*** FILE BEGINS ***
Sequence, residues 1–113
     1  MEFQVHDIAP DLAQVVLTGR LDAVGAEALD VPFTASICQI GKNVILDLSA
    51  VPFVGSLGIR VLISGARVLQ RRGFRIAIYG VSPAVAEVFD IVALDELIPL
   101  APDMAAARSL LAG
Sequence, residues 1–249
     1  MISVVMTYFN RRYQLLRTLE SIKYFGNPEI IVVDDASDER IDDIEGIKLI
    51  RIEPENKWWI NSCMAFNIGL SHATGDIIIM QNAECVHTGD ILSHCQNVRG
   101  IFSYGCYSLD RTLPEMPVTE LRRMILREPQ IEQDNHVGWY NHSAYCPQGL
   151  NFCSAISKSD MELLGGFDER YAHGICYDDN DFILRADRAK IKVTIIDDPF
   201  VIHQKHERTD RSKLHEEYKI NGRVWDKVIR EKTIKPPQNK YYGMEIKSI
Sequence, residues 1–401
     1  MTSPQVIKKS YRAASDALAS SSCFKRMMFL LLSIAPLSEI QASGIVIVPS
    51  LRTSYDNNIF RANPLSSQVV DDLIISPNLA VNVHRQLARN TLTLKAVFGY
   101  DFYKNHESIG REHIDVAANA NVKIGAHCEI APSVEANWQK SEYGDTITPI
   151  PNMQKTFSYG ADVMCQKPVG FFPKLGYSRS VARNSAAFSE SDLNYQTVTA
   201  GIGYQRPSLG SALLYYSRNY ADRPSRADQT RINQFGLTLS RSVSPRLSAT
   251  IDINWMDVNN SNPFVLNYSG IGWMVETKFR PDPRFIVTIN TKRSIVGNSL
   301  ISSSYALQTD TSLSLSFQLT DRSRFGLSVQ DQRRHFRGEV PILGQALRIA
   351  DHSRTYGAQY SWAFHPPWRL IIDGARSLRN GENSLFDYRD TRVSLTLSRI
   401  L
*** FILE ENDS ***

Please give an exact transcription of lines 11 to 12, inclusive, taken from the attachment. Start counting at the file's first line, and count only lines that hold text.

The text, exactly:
Sequence, residues 1–401
     1  MTSPQVIKKS YRAASDALAS SSCFKRMMFL LLSIAPLSEI QASGIVIVPS